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For the second sort, which are the merchants, as those first feed the kingdom, so do the sea enrich it; yea, their trades, especially those which are forcible, are not the least part of our martial policy, as is hereafter proved; and, to do them right, they have in all ages and times assisted the kings of this land, not only with great sums of money, but with great fleets of ships in all their enterprises beyond the seas. The second have seldom or never offended their princes; to enjoy their trades at home upon tolerable conditions has ever contented them for the injuries received from other nations; give them but the commission of reprisal, they will either right themselves, or sit down with their own loss without complaint.
3. The third sort, which are the gentry of England; these being neither seated in the lowest grounds, and thereby subject to the biting of every beast, nor in the highest mountains, and thereby in danger to be torn with tempests, but the valleys between both, have their parts in the inferior justice, and spread over all, are the garrisons of good order throughout the realm.
THE CAUSES OF THE MAGNIFICENCY AND OPU
LENCY OF CITIES.
THAT the only way to civilize and reform the savage and barbarous lives and corrupt manners of such people is,
1. To be dealt withal by gentle and loving conversation among them ; to attain to the knowledge of their language, and of the multitude of their special discommodities and inconveniencies in their manner of living.
2. The next is to get an admired reputation amongst them, upon a solid and true foundation of piety, justice, and wisdom, conjoined with fortitude and power.
3. The third is, discreetly to possess them with a knowledge of the condition of their own estate. Thus Orpheus and Amphion were said to draw after them the beasts of the field, &c.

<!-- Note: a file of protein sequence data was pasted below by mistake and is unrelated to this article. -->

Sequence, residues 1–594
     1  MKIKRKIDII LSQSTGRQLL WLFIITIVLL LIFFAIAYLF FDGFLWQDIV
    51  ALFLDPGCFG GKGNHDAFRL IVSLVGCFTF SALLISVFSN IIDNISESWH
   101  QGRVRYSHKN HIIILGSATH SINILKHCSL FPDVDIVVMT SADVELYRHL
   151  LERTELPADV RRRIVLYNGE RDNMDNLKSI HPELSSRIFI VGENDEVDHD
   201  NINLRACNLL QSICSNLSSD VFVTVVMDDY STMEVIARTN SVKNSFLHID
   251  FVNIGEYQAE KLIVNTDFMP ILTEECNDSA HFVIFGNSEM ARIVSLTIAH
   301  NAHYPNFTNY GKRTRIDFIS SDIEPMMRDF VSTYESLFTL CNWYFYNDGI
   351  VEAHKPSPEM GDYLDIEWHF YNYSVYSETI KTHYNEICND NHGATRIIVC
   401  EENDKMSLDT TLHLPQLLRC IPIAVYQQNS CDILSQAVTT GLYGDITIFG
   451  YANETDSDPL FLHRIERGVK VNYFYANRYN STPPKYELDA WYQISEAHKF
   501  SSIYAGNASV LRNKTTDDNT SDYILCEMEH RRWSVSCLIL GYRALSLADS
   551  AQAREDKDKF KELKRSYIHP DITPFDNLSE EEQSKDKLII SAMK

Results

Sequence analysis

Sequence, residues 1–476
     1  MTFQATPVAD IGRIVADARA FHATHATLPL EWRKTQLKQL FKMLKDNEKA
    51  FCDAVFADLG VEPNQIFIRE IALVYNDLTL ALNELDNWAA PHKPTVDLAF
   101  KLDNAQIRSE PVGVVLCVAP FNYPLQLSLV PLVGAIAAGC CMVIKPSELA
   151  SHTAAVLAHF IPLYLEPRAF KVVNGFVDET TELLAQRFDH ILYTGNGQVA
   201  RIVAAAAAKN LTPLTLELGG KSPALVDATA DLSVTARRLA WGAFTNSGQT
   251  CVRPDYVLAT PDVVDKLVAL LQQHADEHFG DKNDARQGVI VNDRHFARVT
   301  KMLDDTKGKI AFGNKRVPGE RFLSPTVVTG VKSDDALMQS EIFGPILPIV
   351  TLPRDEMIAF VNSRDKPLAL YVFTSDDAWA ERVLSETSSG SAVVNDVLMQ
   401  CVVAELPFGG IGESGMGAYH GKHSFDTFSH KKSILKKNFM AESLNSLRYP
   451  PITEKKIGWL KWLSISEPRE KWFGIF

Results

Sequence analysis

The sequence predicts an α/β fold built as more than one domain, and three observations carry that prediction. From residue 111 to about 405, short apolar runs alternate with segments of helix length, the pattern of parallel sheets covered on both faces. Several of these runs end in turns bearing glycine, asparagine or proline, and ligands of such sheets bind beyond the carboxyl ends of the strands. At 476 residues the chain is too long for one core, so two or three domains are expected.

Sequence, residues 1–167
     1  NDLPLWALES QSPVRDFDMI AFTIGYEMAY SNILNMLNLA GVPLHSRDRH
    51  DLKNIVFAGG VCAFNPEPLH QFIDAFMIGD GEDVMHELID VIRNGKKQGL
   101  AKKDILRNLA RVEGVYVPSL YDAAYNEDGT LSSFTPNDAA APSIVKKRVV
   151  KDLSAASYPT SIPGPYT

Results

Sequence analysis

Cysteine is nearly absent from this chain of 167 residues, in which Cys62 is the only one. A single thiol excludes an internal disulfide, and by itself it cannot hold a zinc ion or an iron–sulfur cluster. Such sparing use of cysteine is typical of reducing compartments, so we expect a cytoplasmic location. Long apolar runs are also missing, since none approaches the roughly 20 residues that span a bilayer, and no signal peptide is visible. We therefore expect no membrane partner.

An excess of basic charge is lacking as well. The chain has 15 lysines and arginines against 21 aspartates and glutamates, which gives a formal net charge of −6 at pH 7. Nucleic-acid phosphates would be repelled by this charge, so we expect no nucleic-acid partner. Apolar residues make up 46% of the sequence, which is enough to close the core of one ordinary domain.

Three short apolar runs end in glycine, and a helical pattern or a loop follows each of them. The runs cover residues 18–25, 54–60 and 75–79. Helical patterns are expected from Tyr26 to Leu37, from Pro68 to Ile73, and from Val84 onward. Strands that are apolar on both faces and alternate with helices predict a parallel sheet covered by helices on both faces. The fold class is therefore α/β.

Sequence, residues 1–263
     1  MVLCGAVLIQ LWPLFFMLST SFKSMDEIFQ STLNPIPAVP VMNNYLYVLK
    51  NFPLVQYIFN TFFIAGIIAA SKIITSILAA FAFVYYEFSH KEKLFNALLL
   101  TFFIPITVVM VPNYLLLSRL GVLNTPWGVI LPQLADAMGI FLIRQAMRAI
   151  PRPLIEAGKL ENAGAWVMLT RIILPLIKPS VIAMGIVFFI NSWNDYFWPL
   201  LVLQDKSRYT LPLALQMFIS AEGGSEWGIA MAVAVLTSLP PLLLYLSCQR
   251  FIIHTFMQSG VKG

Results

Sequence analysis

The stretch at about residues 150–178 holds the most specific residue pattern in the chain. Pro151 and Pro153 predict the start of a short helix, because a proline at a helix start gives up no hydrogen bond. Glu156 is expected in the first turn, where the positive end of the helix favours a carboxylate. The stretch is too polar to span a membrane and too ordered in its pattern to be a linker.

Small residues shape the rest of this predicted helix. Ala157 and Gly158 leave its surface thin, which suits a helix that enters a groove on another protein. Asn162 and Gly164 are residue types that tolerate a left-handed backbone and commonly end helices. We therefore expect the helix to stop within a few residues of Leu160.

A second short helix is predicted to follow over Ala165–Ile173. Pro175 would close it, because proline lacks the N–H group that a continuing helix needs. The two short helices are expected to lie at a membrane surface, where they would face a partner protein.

And this must be first wrought by a visible representation of the certainty, truth, and sincerity of these, together with the felicity of a reformed estate.
All which is but to give foundation, bottom, and firm footing unto action, and to prepare them to receive wholesome and good advice, for the future profit and felicity of themselves and their posterity.
For the more commodious effecting of this reformation in a rude and barbarous people, they are to be persuaded to withdraw and unite themselves into several colonies; that by it an interchangeable communication and commerce of all things may more commodiously be had, and that they may so live together in civility, for the better succour and welfare of one another: and thereby they may more easily be instructed in the Christian faith, and governed under the magistrates and ministers of the king, or other superior power, under whom this reformation is sought. Which course the Stoic tells that Theseus took after he had taken upon him the government of the Athenians, whereby he united all the people into one city, that before lived dispersedly in many villages. The like is put in practice at this day by the Portugals and Jesuits, that they may with less difficulty and hinderance reform the rough behaviour and savage life of the people of Brazil, who dwell scattered and dispersed in caves and cottages made of boughs and leaves of the palm trees.
Alexander the Great built more than seventy cities: Seleucus built three cities, called Apamea, to the honour of his wife; and five, called Laodicea, in memory of his mother; and five, called Seleucia, to the honour of himself.
Safety for defence of the people and their goods in and
near the town. IN the situation of cities there is to be required a place of safety, by some natural strength, commodiousness for navigation, and conduct for the attaining of plenty of all good things for the sustenance and comfort of man's life, and to draw trade and intercourse of other nations; as if the same be situate in such sort, as many people have need to repair thither for some natural commodity or other of the country, which by traffick and transportation of comniodities, whereof they have more plenty than will supply their own necessity, or for receiving of things whereof they have scarcity. And much better will it be if the place afford some notable commodity of itself, from whence other nations may more readily, and at better rate, attain the same: likewise and withal be so fertile, pleasant, and healthful of itself, that it may afford plenty of good things for the delight and comfort of the inhabitants.